In background and temperament, Alberto R. Gonzales, President Bush's choice to be attorney general, could hardly be more different from John D. Ashcroft.
The current officeholder, from Missouri, is the son and grandson of Assemblies of God ministers; Gonzales, 49, was reared in a Roman Catholic Mexican American family in Texas by parents who had been migrant farmworkers.
Ashcroft is hard-charging and the ideological darling of religious conservatives; Gonzales, called "mi abogado" ("my lawyer") by Bush, is soft-spoken, nondogmatic and viewed with suspicion by conservatives.
Ashcroft was a Missouri governor and senator and even attempted a run for the presidency in his three decades in politics; Gonzales was a Houston business lawyer with no political career before he was recruited in 1994 by Bush's gubernatorial campaign.
As White House counsel in Bush's first term, Gonzales was known less for ideology than for loyalty to Bush. Indeed, he could be politically tone-deaf in his zeal to protect the authority of his boss in squabbles with Congress. "The Judge," as colleagues called him because of his brief tenure on the Texas Supreme Court, often sparred with Ashcroft and the other movement conservatives at the Justice Department and played the role of arbiter during the first term, listening to arguments of more dogmatic lawyers in the White House and the Justice Department and seeking consensus.
Gonzales was born in San Antonio and grew up in Houston. He lived with seven siblings in a home without running water and other modern amenities for much of his youth. After his parents met as migrant workers, his father, who was an alcoholic, worked in construction while his mother stayed home with the children.
Gonzales was a football and baseball player and honor student in high school but enlisted in the Air Force. He eventually attended the Air Force Academy in Colorado Springs, then transferred to Rice University and later went to Harvard Law School. He was the only one in his family to go to college, and the only one to leave Houston.
He told The Washington Post in 2001 that his success, contrasted with that of his siblings, "makes you painfully aware of the inequities in life" and "makes you wonder why a person who has grown up in exactly the same environment is able to succeed."
Conservatives have long been wary of Gonzales. The journal Human Events accused him of sounding "like Mario Cuomo." The National Review said a joke among GOP aides in the Senate was "Gonzales is Spanish for Souter," a reference to David H. Souter, the Supreme Court justice nominated by President George H.W. Bush who joined the court's liberal wing.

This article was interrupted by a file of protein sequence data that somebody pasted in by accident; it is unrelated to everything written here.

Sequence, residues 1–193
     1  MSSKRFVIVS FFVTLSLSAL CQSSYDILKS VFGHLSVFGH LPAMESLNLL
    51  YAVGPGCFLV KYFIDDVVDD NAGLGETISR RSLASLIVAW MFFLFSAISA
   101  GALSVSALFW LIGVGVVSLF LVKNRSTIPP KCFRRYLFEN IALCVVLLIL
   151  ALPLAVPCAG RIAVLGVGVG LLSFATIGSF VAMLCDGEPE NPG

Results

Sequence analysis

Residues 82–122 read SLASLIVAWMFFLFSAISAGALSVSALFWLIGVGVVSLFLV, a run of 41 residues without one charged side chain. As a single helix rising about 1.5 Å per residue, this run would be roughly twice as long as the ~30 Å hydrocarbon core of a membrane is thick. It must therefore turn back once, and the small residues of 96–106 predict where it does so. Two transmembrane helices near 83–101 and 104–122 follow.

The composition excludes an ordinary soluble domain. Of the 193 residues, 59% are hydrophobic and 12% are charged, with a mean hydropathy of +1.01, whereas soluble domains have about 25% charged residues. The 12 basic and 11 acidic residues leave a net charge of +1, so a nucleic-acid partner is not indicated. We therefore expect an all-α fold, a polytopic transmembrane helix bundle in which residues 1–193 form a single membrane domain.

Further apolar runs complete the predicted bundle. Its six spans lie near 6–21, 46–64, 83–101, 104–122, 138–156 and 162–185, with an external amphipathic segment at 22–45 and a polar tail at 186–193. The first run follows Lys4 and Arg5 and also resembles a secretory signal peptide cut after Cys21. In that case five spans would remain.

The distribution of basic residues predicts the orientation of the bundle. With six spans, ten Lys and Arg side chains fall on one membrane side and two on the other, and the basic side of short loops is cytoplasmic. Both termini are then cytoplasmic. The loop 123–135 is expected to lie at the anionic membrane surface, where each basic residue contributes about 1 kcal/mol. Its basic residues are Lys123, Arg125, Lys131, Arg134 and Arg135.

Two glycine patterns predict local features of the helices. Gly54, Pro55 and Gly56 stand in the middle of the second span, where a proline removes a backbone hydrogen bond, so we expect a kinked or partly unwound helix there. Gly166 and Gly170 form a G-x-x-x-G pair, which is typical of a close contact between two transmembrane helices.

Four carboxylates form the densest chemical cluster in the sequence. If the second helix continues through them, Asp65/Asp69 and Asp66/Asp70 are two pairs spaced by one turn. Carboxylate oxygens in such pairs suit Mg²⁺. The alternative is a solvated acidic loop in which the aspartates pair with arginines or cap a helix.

The distrust dates from Gonzales's days on the Texas Supreme Court in 2000, when he joined a majority of the judges in upholding a pregnant teenager's right to seek an abortion without notifying her parents. Taking aim at two conservative dissenters in the case, Gonzales wrote that they were engaged in "unconscionable judicial activism."
Those words came back to haunt Bush when he appointed one of the two dissenters, Priscilla R. Owen, to a federal appeals court -- and Senate Democrats threw Gonzales's words back in the White House's face. The Owen nomination failed.
Gonzales also has squabbled with conservatives in the administration over affirmative action. When the use of race in admissions at the University of Michigan came before the Supreme Court in 2003, Gonzales argued fiercely that the administration should not take a hard-line position in favor of the white students who were claiming that the school had made them victims of "reverse discrimination."
This put him at odds with administration conservatives led by Ashcroft and then-Solicitor General Theodore B. Olson, but Gonzales ultimately prevailed in the sense that the administration ended up pressing a narrow argument that objected only to the way in which Michigan had pursued diversity, not to the diversity rationale for affirmative action itself. The court sided with the Michigan law school in a 5 to 4 ruling.
Behind the scenes, Gonzales clashed frequently with Ashcroft's Justice Department. He felt blindsided when Ashcroft, early in the administration, announced that the department would embrace, for the first time ever, a view of the Second Amendment that regards gun possession as an individual right on a par with freedom of speech or religion.
Gonzales and Ashcroft were in an ongoing wrangle over control of the pivotal Office of Legal Counsel, the Justice Department's in-house adviser on constitutional matters. The OLC became particularly important after Sept. 11, 2001, when the administration was pushing for new legal authority to pursue the war on terrorism. Gonzales's most public controversy was his role in administration memos regarding the treatment of prisoners taken in the war on terrorism.
But many of the controversies on his watch were less his doing than those of underlings and other young conservative lawyers in the administration.
"I don't think he's ever really had a chance to express his views on major policy issues," said Edwin Meese III, the Reagan administration attorney general now with the Heritage Foundation. "The job of the White House counsel is to be an attorney." If he goes from being the president's abogado to the country's, all signs are that Gonzales would remain faithful -- not necessarily to conservative ideology, but to Bush.
Staff writer Charles Lane contributed to this report.